Comments

comments

  • Recent Posts

  • Enter your email address to subscribe to this newspaper and receive notifications of new articles by email.

  • .

    News

    Sheriff: Mother ‘sole person responsible’ for infant’s death

    By Lauren Keene | From Page: A1 | Gallery

     
    Rifle Team has a blast with competitive shooting

    By Savannah Holmes | From Page: A1 | Gallery

    Child abduction case in jury’s hands

    By Anne Ternus-Bellamy | From Page: A1

     
    Pipeline project will soften water in 2016

    By Dave Ryan | From Page: A1

    Pig out at Farmers Market’s Pig Day

    By Enterprise staff | From Page: A1

     
    Christie to Republicans: No rush to pick 2016 nominee

    By The Associated Press | From Page: A2

    Bob Dunning: Colon prep can be hard to swallow

    By Bob Dunning | From Page: A2

     
    Scouts help fill STEAC’s pantry

    By Enterprise staff | From Page: A2

    Weekend storm drops snow, rain, hail in California

    By The Associated Press | From Page: A2

     
    Still no parole in toddler case

    By Enterprise staff | From Page: A3

    City offers wetlands tour

    By Special to The Enterprise | From Page: A3 | Gallery

     
    Parole denied in 1987 killing spree

    By Enterprise staff | From Page: A3

    Explore Asia at Arboretum storytime

    By Enterprise staff | From Page: A3

     
    MU Games closing in late March

    By Special to The Enterprise | From Page: A3

    Assault awareness campaign kicks off

    By Anne Ternus-Bellamy | From Page: A4

     
    UCD student with meningococcal disease is recovering

    By Special to The Enterprise | From Page: A4

    Young patients bond with special stuffies

    By Special to The Enterprise | From Page: A4 | Gallery

     
    Diversity theater group continues creativity workshops

    By Special to The Enterprise | From Page: A4

    Radio talk show moves to Mondays

    By Enterprise staff | From Page: A4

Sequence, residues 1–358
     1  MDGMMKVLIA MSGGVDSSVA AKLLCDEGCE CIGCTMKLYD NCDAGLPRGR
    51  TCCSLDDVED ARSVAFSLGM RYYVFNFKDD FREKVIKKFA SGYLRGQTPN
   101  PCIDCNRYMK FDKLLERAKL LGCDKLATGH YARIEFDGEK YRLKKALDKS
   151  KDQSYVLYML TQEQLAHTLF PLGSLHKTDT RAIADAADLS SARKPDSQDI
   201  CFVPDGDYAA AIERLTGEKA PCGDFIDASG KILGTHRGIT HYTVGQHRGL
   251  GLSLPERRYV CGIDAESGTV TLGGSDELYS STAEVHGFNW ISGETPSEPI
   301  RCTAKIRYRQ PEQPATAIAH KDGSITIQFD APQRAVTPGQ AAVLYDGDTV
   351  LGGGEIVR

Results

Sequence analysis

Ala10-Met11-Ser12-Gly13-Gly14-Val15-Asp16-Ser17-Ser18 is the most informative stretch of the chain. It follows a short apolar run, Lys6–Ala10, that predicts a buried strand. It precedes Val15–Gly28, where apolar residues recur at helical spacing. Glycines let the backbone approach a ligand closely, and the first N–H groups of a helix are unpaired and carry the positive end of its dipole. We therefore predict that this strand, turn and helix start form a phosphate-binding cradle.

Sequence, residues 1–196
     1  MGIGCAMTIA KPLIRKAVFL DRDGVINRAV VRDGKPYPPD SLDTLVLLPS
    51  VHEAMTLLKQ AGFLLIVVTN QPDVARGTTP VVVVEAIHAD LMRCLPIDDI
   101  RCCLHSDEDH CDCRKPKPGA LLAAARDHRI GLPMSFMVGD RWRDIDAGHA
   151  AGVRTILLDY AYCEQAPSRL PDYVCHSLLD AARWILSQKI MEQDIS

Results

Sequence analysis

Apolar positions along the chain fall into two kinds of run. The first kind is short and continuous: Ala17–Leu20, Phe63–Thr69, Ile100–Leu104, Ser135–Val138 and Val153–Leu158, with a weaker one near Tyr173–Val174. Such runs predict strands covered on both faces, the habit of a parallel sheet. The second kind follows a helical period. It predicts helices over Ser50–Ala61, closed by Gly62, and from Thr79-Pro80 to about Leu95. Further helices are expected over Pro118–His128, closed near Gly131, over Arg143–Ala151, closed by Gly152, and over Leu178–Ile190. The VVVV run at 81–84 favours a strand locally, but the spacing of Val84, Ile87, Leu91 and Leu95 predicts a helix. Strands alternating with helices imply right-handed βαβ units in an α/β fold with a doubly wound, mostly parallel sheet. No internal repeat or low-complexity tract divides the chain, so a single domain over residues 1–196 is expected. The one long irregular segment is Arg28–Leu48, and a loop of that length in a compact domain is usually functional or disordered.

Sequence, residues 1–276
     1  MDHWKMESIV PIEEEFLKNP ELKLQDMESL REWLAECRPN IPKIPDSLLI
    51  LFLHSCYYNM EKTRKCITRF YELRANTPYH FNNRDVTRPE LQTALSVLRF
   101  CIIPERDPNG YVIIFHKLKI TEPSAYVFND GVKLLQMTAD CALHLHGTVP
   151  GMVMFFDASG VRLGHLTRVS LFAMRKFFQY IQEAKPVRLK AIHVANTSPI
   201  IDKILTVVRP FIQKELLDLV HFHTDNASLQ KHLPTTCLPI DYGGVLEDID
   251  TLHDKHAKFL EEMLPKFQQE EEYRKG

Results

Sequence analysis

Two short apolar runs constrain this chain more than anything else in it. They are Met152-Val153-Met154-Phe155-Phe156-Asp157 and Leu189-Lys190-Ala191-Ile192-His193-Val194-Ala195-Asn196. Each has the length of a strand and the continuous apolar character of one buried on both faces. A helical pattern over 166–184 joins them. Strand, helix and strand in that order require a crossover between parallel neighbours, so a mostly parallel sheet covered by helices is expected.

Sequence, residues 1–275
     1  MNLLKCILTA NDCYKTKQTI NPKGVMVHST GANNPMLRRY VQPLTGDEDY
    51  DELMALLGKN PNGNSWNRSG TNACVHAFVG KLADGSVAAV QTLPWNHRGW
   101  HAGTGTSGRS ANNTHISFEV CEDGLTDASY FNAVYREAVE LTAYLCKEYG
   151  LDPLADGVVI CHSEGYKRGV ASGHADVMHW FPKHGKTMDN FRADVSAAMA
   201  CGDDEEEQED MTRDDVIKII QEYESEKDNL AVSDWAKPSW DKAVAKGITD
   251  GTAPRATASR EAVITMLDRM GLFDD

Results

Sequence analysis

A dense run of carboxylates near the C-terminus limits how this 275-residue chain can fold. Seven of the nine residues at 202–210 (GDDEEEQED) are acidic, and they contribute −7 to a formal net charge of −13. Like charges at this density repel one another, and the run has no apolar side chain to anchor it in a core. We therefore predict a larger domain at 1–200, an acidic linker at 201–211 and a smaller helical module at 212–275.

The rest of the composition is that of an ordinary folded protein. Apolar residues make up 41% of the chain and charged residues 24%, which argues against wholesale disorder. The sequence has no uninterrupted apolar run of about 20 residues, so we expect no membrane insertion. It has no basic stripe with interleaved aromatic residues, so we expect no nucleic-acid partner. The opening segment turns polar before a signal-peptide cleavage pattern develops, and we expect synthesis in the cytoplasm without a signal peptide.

UCD student panel to cover anti-Semitism, Islamophobia

    By Special to The Enterprise | From Page: A6

    Yolo Food Bank hosts thank-you breakfast on Pig Day

    By Enterprise staff | From Page: A9

     
    .

    Forum

    Milt Priggee cartoon

    By Debbie Davis | From Page: B4

     
    Rowing: PE as well as life skills

    By Letters to the Editor | From Page: B4

    Police complaint procedures drafted

    By Letters to the Editor | From Page: B4

     
    Clarifying energy update letter

    By Letters to the Editor | From Page: B4

    Weekly claw pickup necessary

    By Letters to the Editor | From Page: B4

     
    Mars or ISIS? Similar outcome

    By Letters to the Editor | From Page: B4

    City may get charged up over energy choices

    By Special to The Enterprise | From Page: B4

     
    Speak out

    By Enterprise staff | From Page: B5

     
    Design innovation centers for the 21st century

    By Special to The Enterprise | From Page: B5

    A new perspective on life

    By Creators Syndicate | From Page: A7

     
    Distant water crisis has lessons for Davis

    By Marion Franck | From Page: A7

    Call for study to settle if anesthesia poses risk to babies

    By The Associated Press | From Page: A7

     
    .

    Sports

     
    Aggie men get a bounce-back win at Cal Poly

    By Enterprise staff | From Page: B1

    The mystery continues: lowly Gauchos upset UCD women

    By Bruce Gallaudet | From Page: B1 | Gallery

     
    Devils get a soccer win despite finishing woes

    By Evan Ream | From Page: B1 | Gallery

    Winning close games is the key for DHS softballers

    By Spencer Ault | From Page: B1 | Gallery

     
    Sports briefs: Razo throws well as Aggies get a baseball win

    By Enterprise staff | From Page: B2 | Gallery

    Defending champion Blue Devils have diamond holes to fill

    By Thomas Oide | From Page: B3 | Gallery

     
    Republic FC falls to storied New York Cosmos

    By Evan Ream | From Page: B10

    .

    Features

    .

    Arts

    .

    Business

    Yolo Federal Credit Union honored for supporting business education

    By Special to The Enterprise | From Page: A10

     
    Online store will celebrate, mock People’s Republic of Davis

    By Wendy Weitzel | From Page: A10 | Gallery

    .

    Obituaries

    .

    Comics

    Comics: Sunday, March 1, 2015

    By Creator | From Page: B8